Escondido, California - A 5-year-old female southern white rhino at the San Diego Zoo Safari Park’s Nikita Kahn Rhino Rescue Center is undergoing veterinary care for a non-healing wound on the rhino’s left side.
The animal care staff at the Safari Park has been treating the rhino, named Wallis, since she was moved from a private reserve in South Africa to the Safari Park. A minor surgical procedure was performed to explore and clean the wound. When this did not result in resolution, a second procedure was performed and revealed the wound to be more extensive than it appeared. There has been speculation that the wound was originally caused by a penetrating foreign body.
Earlier this week, a metal detector provided a strong signal for a brass or lead object under the current wound site. Radiography will be attempted to further evaluate the affected area; however, there are concerns that the size of the animal will limit the effectiveness of this study. The animal care team may seek assistance in the near future from the San Diego Fire-Rescue Department, which has offered the use of specialized imaging equipment utilized by their bomb squad. Veterinarians want to pursue all noninvasive diagnostic techniques available to give them a better understanding of this chronic wound and the best treatment approach.
While it can’t be confirmed, it appears Wallis may have been the target of a failed poaching attempt while in South Africa. Poaching has dramatically affected rhino populations in the wild and in private reserves in Africa. Rhinos are poached for their horn, which is made of keratin—the same material that forms human fingernails. Rhino horn has been erroneously thought to have medicinal value and is used in traditional remedies in some Asian cultures. In addition, objects made of rhino horn have more recently become a “status symbol,” purchased to display someone’s success and wealth, because the rhino is now so rare and endangered.
Wallis is one of six female rhinos that were relocated to the Safari Park from private reserves in South Africa, as part of a collaborative conservation effort to save the critically endangered northern white rhino—and all rhino species—from extinction.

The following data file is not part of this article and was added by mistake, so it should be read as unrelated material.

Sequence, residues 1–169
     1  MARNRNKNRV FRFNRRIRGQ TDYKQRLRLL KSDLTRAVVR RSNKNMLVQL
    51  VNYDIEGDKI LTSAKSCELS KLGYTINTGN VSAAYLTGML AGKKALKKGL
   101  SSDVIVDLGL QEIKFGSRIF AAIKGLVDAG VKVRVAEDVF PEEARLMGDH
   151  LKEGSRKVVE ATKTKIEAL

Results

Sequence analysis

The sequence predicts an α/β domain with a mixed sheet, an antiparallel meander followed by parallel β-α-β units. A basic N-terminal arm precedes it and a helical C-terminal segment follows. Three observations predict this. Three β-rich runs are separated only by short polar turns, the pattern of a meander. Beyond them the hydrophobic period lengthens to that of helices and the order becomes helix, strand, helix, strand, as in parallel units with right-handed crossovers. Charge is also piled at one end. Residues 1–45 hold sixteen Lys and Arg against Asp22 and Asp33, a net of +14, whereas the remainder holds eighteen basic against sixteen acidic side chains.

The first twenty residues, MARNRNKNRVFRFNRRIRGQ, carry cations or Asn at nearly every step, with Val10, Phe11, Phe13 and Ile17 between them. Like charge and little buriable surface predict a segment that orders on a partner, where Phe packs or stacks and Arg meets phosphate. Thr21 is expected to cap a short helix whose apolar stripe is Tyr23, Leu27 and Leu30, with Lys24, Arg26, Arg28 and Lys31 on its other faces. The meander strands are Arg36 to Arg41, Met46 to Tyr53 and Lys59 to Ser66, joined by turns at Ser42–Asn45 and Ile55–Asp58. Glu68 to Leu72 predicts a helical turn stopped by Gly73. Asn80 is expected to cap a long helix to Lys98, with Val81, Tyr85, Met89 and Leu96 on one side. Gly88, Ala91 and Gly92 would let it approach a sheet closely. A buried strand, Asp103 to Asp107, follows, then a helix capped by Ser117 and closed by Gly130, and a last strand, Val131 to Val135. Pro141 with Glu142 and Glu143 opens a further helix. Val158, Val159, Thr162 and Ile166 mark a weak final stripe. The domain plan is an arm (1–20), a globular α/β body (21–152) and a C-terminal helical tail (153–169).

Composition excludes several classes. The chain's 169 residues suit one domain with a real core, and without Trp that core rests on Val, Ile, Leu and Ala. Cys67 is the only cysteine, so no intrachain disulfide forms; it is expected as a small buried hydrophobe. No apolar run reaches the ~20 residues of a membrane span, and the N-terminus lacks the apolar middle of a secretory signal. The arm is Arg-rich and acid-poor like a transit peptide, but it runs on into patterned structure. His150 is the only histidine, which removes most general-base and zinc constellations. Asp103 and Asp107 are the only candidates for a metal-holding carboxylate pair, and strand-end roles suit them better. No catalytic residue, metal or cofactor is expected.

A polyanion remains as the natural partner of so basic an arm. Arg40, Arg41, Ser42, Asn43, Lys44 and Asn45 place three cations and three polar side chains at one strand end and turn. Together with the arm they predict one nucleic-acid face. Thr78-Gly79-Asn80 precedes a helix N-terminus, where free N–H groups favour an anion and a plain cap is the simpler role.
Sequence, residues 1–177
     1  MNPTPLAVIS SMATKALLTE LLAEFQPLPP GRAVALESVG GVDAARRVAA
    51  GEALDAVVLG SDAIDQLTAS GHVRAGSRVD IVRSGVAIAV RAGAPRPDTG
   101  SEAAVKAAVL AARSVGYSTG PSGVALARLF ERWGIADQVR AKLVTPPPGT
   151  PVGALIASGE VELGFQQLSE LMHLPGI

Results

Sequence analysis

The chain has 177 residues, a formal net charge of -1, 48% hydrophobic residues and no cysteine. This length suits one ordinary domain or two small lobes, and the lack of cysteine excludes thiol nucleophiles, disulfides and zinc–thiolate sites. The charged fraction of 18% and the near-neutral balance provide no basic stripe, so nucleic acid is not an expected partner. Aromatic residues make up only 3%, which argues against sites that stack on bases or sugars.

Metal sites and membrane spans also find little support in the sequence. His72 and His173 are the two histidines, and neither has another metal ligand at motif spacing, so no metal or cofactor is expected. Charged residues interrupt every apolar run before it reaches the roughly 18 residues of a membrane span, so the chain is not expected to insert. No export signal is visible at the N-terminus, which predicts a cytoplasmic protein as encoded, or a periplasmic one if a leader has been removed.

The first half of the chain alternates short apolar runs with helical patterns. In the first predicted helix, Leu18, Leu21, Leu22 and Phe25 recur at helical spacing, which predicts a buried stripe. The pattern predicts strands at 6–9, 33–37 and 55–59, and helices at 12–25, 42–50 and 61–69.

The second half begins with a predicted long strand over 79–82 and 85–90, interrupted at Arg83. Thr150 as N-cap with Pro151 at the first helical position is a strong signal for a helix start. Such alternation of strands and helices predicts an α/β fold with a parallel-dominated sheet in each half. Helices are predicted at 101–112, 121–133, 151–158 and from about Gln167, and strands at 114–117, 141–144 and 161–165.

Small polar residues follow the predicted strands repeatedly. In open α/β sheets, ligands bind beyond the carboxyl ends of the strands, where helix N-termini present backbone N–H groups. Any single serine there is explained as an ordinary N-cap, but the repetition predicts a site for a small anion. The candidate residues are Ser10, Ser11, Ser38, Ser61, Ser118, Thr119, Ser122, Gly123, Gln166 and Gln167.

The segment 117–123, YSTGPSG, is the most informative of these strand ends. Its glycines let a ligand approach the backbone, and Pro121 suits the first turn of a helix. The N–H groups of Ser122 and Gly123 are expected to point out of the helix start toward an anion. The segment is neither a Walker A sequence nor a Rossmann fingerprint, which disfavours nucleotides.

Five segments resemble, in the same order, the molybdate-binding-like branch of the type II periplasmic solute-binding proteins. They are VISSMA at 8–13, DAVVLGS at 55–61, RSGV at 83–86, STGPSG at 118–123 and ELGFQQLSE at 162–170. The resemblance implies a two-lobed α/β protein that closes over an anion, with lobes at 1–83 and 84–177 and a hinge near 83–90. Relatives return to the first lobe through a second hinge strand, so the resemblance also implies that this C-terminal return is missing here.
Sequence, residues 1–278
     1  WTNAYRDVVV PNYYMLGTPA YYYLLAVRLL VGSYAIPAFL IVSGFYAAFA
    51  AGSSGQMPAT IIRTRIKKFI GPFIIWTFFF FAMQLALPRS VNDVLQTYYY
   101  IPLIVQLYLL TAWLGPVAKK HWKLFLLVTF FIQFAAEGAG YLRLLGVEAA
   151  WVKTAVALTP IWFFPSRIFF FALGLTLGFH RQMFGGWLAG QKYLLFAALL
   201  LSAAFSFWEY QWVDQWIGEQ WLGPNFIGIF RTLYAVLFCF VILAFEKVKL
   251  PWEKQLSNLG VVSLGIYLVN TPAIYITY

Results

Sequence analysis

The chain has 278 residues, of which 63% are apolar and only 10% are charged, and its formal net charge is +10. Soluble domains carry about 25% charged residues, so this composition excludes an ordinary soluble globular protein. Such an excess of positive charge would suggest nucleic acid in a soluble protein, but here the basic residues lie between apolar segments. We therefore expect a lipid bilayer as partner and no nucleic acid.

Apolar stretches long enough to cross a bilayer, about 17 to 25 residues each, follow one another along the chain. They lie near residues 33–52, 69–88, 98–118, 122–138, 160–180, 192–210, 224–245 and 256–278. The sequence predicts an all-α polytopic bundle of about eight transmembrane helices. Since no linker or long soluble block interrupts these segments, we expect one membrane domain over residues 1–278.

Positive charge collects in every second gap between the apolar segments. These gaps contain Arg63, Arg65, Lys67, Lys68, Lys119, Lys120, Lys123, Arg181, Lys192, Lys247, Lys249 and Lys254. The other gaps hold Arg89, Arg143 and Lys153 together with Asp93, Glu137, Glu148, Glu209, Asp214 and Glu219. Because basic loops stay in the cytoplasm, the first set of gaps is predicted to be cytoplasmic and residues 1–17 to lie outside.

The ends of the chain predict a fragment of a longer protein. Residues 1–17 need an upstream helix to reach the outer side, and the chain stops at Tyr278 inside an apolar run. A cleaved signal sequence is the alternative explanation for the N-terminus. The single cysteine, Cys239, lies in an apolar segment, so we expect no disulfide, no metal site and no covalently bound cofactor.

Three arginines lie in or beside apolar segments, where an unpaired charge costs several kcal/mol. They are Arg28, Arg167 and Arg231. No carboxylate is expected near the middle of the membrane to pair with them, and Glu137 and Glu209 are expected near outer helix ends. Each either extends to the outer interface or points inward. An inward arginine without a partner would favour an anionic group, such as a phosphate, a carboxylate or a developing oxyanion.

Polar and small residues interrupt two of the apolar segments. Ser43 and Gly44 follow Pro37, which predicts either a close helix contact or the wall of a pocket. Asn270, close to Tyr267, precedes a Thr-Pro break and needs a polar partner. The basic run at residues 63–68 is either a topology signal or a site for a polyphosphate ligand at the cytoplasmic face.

San Diego Zoo Global has been working for decades, along with other accredited zoos, to keep a sustainable population of rhinos safe under human care while working to protect them in sanctuaries in the wild. The Nikita Kahn Rhino Rescue Center furthers this commitment and helps in establishing the Safari Park as a sanctuary to protect rhinos—at a time when an average of three rhinos are killed each day in the wild by poachers.
Bringing species back from the brink of extinction is the goal of San Diego Zoo Global. As a leader in conservation, the work of San Diego Zoo Global includes on-site wildlife conservation efforts (representing both plants and animals) at the San Diego Zoo, San Diego Zoo Safari Park, and San Diego Zoo Institute for Conservation Research, as well as international field programs on six continents. The work of these entities is made accessible to children through the San Diego Zoo Kids network, reaching out through the internet and in children’s hospitals nationwide. The work of San Diego Zoo Global is made possible by the San Diego Zoo Global Wildlife Conservancy and is supported in part by the Foundation of San Diego Zoo Global.